We recall miles of vineyard under perfect cultivation. We see again the blue of the Pacific and the green of the forest cedars and cypresses. High Lake Tahoe spreads before us, with its southern fringe of emerald meadows and forest pines, and its encircling guardians, lofty and snow-capped. The high, grey-green deserts of Nevada, Utah, and Wyoming stretch before us once more, and we can smell the clean, pungent sage brush. We are not lonely, for life is all about us. The California quail and blue-jay, the eagle, the ground squirrel, the gopher, the coyote, the antelope, the rattlesnake, the big ring snake, the wild horse of the plains, the jack rabbit, the meadow lark, the killdeer, the red-winged blackbird, the sparrow hawk, the thrush, the redheaded wood-pecker, the grey dove, all have been our friends and companions as we have gone along. We have seen them in their native plains and forests and from the safe vantage point of the front seat of our motor car.
The lofty peaks of the Rockies have towered before us in a long, unbroken chain as we have looked at them from the alfalfa fields of Colorado.
10 Sailing Destinations Sure To Inspire Awe
In the time of Spanish rule, and for many years afterwards, the town of Sulaco—the luxuriant beauty of the orange gardens bears witness to its antiquity—had never been commercially anything more important than a coasting port with a fairly large local trade in ox-hides and indigo.
The clumsy deep-sea galleons of the conquerors that, needing a brisk gale to move at all, would lie becalmed, where your modern ship built on clipper lines forges ahead by the mere flapping of her sails, had been barred out of Sulaco by the prevailing calms of its vast gulf. Some harbours of the earth are made difficult of access by the treachery of sunken rocks and the tempests of their shores. Sulaco had found an inviolable sanctuary from the temptations of a trading world in the solemn hush of the deep Golfo Placido as if within an enormous semi-circular and unroofed temple open to the ocean, with its walls of lofty mountains hung with the mourning draperies of cloud.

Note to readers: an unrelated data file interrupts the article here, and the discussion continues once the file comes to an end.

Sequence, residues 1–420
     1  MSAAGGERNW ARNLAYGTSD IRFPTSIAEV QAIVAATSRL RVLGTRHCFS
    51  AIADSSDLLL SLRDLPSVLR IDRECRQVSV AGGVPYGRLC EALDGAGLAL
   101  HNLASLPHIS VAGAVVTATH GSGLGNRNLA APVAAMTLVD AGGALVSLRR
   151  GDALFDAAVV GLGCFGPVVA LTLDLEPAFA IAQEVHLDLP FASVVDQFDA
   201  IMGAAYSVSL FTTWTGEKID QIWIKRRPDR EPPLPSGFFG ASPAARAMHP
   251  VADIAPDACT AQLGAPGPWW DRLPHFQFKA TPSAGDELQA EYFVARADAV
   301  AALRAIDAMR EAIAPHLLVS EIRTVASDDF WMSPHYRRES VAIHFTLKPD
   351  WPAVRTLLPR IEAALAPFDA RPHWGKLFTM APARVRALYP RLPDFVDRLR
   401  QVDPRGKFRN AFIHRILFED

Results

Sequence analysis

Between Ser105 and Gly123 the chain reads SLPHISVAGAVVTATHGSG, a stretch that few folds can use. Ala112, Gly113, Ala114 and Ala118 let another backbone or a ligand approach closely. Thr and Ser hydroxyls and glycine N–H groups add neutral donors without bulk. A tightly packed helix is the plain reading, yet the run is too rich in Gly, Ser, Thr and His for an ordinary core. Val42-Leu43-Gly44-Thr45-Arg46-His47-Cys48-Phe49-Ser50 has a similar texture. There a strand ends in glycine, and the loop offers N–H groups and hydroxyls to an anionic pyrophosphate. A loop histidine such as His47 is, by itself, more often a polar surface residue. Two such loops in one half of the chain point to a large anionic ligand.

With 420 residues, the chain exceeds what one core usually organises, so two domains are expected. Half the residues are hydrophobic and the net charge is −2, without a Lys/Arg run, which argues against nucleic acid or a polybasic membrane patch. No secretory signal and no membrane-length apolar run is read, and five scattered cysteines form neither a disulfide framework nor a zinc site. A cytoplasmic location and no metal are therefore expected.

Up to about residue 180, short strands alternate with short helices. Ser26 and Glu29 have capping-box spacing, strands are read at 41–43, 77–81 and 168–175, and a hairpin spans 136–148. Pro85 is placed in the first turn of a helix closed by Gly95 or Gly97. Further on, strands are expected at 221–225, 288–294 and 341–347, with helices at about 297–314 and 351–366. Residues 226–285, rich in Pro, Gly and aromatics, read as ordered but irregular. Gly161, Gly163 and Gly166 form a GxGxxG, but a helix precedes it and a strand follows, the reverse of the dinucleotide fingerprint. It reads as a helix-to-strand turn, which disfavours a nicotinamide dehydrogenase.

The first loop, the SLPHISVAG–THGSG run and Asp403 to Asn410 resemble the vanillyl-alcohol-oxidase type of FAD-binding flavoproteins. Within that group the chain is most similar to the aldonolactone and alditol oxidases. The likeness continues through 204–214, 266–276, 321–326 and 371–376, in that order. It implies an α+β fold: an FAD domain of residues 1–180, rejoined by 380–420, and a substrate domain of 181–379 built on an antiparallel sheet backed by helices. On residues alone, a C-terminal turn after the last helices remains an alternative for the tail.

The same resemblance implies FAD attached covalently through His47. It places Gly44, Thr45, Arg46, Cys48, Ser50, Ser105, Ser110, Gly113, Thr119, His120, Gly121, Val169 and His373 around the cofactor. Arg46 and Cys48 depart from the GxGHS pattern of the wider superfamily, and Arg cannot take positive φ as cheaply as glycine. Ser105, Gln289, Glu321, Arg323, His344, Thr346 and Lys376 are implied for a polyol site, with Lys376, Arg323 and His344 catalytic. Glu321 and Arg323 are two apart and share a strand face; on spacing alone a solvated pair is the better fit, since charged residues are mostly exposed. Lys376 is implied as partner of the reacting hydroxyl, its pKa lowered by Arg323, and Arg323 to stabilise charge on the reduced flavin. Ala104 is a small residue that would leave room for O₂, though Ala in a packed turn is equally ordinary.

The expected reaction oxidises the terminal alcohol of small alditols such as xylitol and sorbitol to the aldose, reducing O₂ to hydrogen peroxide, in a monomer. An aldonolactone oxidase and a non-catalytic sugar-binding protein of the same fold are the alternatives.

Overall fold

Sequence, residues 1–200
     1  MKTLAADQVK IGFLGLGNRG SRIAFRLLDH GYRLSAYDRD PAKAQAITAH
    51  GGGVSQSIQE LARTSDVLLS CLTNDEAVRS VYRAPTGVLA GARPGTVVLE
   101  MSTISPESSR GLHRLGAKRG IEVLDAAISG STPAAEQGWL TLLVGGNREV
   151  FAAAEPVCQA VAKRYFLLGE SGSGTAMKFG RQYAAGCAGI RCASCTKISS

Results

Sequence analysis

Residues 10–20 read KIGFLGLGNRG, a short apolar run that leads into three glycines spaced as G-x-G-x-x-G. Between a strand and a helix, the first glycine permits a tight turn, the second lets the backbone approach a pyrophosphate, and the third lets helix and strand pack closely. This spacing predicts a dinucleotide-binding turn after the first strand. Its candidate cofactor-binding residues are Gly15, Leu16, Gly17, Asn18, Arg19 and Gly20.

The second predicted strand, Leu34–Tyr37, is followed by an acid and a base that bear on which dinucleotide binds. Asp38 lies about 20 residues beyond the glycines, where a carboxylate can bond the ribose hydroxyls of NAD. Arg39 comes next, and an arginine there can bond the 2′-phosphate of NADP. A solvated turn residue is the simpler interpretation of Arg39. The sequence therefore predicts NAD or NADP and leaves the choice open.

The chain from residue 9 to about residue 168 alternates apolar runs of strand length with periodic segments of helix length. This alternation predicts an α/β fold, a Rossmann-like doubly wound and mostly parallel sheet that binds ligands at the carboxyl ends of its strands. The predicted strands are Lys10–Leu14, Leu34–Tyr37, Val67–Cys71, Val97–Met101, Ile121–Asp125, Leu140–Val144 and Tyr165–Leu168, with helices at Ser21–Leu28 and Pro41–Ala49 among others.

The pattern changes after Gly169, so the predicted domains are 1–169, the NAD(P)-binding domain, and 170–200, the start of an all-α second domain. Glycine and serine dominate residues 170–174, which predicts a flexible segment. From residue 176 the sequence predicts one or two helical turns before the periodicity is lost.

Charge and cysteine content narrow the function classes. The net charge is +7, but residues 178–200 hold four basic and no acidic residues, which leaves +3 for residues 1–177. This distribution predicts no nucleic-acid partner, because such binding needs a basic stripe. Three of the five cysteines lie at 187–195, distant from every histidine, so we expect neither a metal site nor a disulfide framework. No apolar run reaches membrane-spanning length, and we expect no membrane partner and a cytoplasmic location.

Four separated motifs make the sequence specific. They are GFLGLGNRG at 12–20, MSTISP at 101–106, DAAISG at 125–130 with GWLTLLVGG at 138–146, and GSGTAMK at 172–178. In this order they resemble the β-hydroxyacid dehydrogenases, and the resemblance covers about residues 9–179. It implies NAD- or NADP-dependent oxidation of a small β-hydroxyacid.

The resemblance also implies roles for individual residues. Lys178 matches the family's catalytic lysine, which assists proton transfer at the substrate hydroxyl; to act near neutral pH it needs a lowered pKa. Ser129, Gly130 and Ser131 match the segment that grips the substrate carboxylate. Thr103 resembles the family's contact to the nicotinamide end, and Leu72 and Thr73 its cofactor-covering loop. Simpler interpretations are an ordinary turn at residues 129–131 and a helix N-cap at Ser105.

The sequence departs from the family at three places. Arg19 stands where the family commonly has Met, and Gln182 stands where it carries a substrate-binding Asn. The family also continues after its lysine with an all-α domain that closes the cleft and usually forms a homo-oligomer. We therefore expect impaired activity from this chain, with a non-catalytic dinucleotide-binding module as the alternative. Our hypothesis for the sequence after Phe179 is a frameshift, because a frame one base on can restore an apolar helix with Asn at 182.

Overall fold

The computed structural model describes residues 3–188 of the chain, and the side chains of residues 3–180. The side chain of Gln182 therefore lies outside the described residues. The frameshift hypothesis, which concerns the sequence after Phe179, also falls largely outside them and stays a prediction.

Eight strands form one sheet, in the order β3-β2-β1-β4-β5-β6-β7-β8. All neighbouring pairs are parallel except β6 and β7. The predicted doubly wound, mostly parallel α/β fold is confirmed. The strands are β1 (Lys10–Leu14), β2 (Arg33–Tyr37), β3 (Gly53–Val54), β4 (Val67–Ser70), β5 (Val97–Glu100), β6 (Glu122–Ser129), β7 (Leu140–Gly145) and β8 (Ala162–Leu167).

On one side of this broad curve in the straight seaboard of the Republic of Costaguana, the last spur of the coast range forms an insignificant cape whose name is Punta Mala. From the middle of the gulf the point of the land itself is not visible at all; but the shoulder of a steep hill at the back can be made out faintly like a shadow on the sky.
The Party From Gibbet Island
Ellis Island, in New York harbor, once bore the name of Gibbet Island, because pirates and mutineers were hanged there in chains. During the times when it was devoted to this fell purpose there stood in Communipaw the Wild Goose tavern, where Dutch burghers resorted, to smoke, drink Hollands, and grow fat, wise, and sleepy in each others’ company.
The plague of this inn was Yan Yost Vanderscamp, a nephew of the landlord, who frequently alarmed the patrons of the house by putting powder into their pipes and attaching briers beneath their horses’ tails, and who naturally turned pirate when he became older, taking with him to sea his boon companion, an ill-disposed, ill-favored blackamoor named Pluto, who had been employed about the tavern. When the landlord died, Vanderscamp possessed himself of this property, fitted it up with plunder, and at intervals he had his gang ashore,—such a crew of singing, swearing, drinking, gaming devils as Communipaw had never seen the like of; yet the residents could not summon activity enough to stop the goings-on that made the Wild Goose a disgrace to their village. The British authorities, however, caught three of the swashbucklers and strung them up on Gibbet Island, and things that went on badly in Communipaw after that went on with quiet and secrecy.